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Texas GOP In Disarray As Some Leaders Call For Moving Convention From LGBT-Friendly Dallas

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Party Chair Opposes Push To Hold Convention In Less LGBT-Friendly City – Leaders Aim To Revive Indiana-Style Religious Freedom Bills

Social conservatives in the Republican Party of Texas are calling for the state GOP to move its 2016 convention out of Dallas over the City Council’s recent decision to strengthen transgender protections. 

However, state party chair Tom Mechler opposes the idea, saying it would be too expensive to find a new site at this late juncture. 

Former Harris County GOP chair Jared Woodfill, a veteran anti-LGBT activist who served as spokesman for the campaign to repeal Houston’s Equal Rights Ordinance, was the first to call for the party’s 2016 state convention to be moved. Others, including former state GOP chair Cathie Adams, who now serves as president of the anti-LGBT Texas Eagle Forum, have since joined the effort.

But Tom Mechler, current chair of the Texas GOP, said it would cost the party $800,000 to break its contract in Dallas, money he says would be better spent supporting Republican candidates. Mechler said although the decision ultimately rests with the State Republican Executive Committee, moving the convention would also diminish the party’s say in electing the next president.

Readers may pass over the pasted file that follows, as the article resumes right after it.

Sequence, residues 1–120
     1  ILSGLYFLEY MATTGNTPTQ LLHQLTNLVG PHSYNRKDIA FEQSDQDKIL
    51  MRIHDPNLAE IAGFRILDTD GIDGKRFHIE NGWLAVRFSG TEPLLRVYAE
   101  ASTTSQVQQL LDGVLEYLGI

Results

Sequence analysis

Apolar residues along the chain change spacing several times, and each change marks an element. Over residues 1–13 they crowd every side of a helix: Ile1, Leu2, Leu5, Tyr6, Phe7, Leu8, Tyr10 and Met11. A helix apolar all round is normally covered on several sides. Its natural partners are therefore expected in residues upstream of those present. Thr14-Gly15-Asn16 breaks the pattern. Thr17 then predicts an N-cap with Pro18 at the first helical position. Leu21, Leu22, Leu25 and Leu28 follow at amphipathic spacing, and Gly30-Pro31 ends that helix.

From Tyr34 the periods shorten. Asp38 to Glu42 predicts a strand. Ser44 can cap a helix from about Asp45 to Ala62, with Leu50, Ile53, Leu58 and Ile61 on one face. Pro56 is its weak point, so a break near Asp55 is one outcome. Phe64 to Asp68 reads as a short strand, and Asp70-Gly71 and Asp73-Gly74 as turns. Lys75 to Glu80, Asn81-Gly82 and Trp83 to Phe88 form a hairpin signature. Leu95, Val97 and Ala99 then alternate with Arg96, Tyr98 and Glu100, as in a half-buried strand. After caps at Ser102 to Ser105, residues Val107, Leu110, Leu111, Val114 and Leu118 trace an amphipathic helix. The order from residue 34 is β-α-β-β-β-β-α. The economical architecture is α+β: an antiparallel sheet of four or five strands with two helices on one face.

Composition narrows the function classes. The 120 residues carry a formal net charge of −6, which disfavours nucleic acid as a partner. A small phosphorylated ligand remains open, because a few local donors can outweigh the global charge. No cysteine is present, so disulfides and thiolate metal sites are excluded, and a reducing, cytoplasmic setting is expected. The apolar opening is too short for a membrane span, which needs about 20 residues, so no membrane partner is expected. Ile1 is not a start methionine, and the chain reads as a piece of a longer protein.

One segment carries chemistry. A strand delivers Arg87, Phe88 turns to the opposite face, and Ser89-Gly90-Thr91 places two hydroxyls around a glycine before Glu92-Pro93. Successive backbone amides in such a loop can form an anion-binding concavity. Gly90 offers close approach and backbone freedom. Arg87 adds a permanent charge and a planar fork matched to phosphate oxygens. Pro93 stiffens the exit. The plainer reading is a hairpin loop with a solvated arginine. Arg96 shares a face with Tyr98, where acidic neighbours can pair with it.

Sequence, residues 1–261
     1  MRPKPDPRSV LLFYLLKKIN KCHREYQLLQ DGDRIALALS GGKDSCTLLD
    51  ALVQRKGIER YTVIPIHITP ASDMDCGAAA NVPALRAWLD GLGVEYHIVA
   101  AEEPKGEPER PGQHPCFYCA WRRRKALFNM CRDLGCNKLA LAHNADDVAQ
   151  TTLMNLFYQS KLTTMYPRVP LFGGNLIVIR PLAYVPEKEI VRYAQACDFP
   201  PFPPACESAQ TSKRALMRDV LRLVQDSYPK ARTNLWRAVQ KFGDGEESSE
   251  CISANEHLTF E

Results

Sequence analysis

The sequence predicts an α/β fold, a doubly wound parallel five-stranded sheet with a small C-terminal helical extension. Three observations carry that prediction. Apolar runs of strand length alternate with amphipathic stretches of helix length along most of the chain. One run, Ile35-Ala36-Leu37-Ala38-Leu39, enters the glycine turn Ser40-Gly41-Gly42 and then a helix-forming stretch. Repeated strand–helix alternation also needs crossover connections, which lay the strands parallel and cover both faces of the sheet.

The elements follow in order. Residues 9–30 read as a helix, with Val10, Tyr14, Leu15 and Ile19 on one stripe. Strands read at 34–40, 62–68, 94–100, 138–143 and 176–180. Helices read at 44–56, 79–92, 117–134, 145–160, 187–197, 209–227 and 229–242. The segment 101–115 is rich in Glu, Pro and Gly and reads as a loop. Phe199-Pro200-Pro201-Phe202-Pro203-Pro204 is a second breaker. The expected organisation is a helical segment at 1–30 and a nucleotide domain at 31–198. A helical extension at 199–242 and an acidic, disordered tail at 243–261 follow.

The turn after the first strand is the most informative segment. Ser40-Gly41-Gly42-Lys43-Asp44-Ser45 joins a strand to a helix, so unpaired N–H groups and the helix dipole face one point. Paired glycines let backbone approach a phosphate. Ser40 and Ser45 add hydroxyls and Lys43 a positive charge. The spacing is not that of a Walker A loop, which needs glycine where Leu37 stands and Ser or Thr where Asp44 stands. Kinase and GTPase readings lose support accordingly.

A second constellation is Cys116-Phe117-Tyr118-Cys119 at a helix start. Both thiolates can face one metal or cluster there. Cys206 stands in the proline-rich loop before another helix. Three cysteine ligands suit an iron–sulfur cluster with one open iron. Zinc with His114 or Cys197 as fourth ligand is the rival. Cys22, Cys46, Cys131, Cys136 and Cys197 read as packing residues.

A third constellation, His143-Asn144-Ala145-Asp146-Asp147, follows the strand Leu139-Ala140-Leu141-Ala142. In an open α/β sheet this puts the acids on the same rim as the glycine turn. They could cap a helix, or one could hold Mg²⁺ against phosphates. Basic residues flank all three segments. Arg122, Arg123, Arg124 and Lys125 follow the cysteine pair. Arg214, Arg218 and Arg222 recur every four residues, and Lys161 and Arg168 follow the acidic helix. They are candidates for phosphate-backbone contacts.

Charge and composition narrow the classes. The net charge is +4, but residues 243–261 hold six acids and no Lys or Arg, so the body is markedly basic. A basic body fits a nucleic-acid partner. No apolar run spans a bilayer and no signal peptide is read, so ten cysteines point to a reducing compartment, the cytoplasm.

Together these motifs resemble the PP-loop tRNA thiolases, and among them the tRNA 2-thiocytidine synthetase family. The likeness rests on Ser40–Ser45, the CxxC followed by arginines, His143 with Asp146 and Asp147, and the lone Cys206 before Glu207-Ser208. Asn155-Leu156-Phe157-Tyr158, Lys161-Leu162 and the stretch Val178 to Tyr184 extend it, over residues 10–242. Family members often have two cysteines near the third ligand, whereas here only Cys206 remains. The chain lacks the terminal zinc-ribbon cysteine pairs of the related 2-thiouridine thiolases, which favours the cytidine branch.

“I share the concerns of a vast majority of Republicans who oppose the ordinance which the Dallas City Council voted on, but I am concerned about proposals that will toy with the health and fiscal stability of the Republican Party of Texas,” Mechler said in a statement provided to the conservative news site Push Junction. “The Dallas City Council has taken an action which many find offensive, but we need to stand united with the Dallas County GOP in their fight to turn the county Republican. We cannot allow the liberals to push us out of a city that is important to the RPT by passing an ordinance that we oppose. Their recent action should strengthen our resolve to move forward. We will stand by the women in our party to ensure their safety and will do so at the convention. And, we will come to Dallas with a Republican grassroots army that is so large and determined to win, the liberals will rue the day they picked a fight with our party.”